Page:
Part 3: Kosen-rufu and World Peace
Chapter 27: The Mentor-Disciple Relationship Is the Heart of the Soka Gakkai [27.4]

27.4 The Mentor-Disciple Relationship Is the Cornerstone of Nichiren Buddhism

Citing passages from Nichiren Daishonin’s writings, President Ikeda explains that the unity of mentor and disciple is key to ensuring the eternal flow of kosen-rufu.

What is the most important requirement for advancing together in the unity of “many in body, one in mind”? It is for each of us to make the oneness of mentor and disciple the center of our lives. Sharing the same heart and spirit as our mentor is the key to us—a gathering of diverse individuals—uniting in a single purpose and thereby embodying the spirit of “many in body, one in mind.”

To the Ikegami brothers, disciples who were exerting themselves in their Buddhist practice amid challenging circumstances, the Daishonin instructs: “Though I may seem presumptuous in saying so, you should join together in paying honor to Nichiren. If the two of you should fail to act in harmony, then you may be sure that you will cease to enjoy the protection of [the Buddhas and heavenly deities]” (WND-2, 914).

Aligning our hearts with our mentor and deepening our determination to advance kosen-rufu are key to achieving solid unity in the spirit of “many in body, one in mind.” It is through such unity that we can activate the true brilliant power of the Mystic Law.

I’d like to share with you some other passages from the Daishonin’s writings:

“Those who call themselves my disciples and practice the Lotus Sutra should all practice as I do. If they do, Shakyamuni, Many Treasures, Shakyamuni’s emanations throughout the ten directions, and the ten demon daughters1 will protect them.” (WND-1, 978)


“[The Lotus Sutra states:] ‘If one stays close to the teachers of the Law, one will speedily gain the way of enlightenment. By following and learning from these teachers one will see Buddhas as numerous as Ganges sands’” [cf. LSOC10, 208]. (WND-2, 375)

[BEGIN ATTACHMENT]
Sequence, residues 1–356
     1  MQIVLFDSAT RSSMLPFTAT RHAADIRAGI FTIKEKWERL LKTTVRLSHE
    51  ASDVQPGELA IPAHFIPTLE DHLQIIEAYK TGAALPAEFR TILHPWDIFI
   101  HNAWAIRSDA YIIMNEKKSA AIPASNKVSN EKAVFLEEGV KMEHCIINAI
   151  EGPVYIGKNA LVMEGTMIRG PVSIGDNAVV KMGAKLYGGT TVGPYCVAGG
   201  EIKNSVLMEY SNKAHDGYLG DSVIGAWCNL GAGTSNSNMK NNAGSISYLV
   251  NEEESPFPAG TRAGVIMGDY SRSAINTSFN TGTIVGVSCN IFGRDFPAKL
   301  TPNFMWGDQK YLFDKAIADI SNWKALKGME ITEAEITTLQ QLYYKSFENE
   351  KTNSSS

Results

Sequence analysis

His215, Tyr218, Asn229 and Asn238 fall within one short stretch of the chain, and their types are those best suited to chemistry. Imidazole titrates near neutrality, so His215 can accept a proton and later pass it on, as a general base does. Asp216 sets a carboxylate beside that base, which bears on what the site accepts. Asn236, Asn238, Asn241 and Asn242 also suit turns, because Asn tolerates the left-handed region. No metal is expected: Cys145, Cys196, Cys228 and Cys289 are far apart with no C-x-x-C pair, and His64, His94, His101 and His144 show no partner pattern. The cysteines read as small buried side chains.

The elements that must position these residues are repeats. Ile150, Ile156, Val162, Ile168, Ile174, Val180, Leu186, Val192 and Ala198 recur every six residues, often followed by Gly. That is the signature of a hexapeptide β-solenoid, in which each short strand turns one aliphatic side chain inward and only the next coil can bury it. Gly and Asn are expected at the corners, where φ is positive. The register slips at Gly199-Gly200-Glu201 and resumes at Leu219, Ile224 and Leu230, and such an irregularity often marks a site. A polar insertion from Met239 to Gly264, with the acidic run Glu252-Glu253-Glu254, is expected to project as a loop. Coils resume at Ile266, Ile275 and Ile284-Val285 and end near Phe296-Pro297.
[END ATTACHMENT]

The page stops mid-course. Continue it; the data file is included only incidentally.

“If lay believers and their teacher pray with differing minds, their prayers will be as futile as trying to kindle a fire on water.” (WND-1, 795)


“To forget the original teacher who had brought one the water of wisdom from the great ocean of the Lotus Sutra and instead follow another would surely cause one to sink into the endless sufferings of birth and death.” (WND-1, 747)

As these golden words indicate, the mentor-disciple relationship is an important cornerstone of Nichiren Buddhism.

The Daishonin’s direct disciple and successor, Nikko Shonin, writes:

“In the teaching of the Daishonin, one attains Buddhahood by correctly following the path of mentor and disciple. If one errs even slightly in the path of mentor and disciple, then though one may uphold the Lotus Sutra, one will fall into the hell of incessant suffering.”2

Striving in faith with the same spirit as the mentor is fundamental to attaining Buddhahood. It is also the great path for ensuring the eternal flow of kosen-rufu.

As I have said many times in the past, the spirit of oneness of mentor and disciple is the decisive factor that separates Nikko Shonin from the five senior priests3 who betrayed the Daishonin. Nikko Shonin proudly called himself a disciple of Nichiren Daishonin, whom he properly revered as the Buddha of the Latter Day of the Law. In contrast, the five senior priests, fearing persecution and seeking to curry favor with the authorities, foolishly called themselves priests of the Tendai school.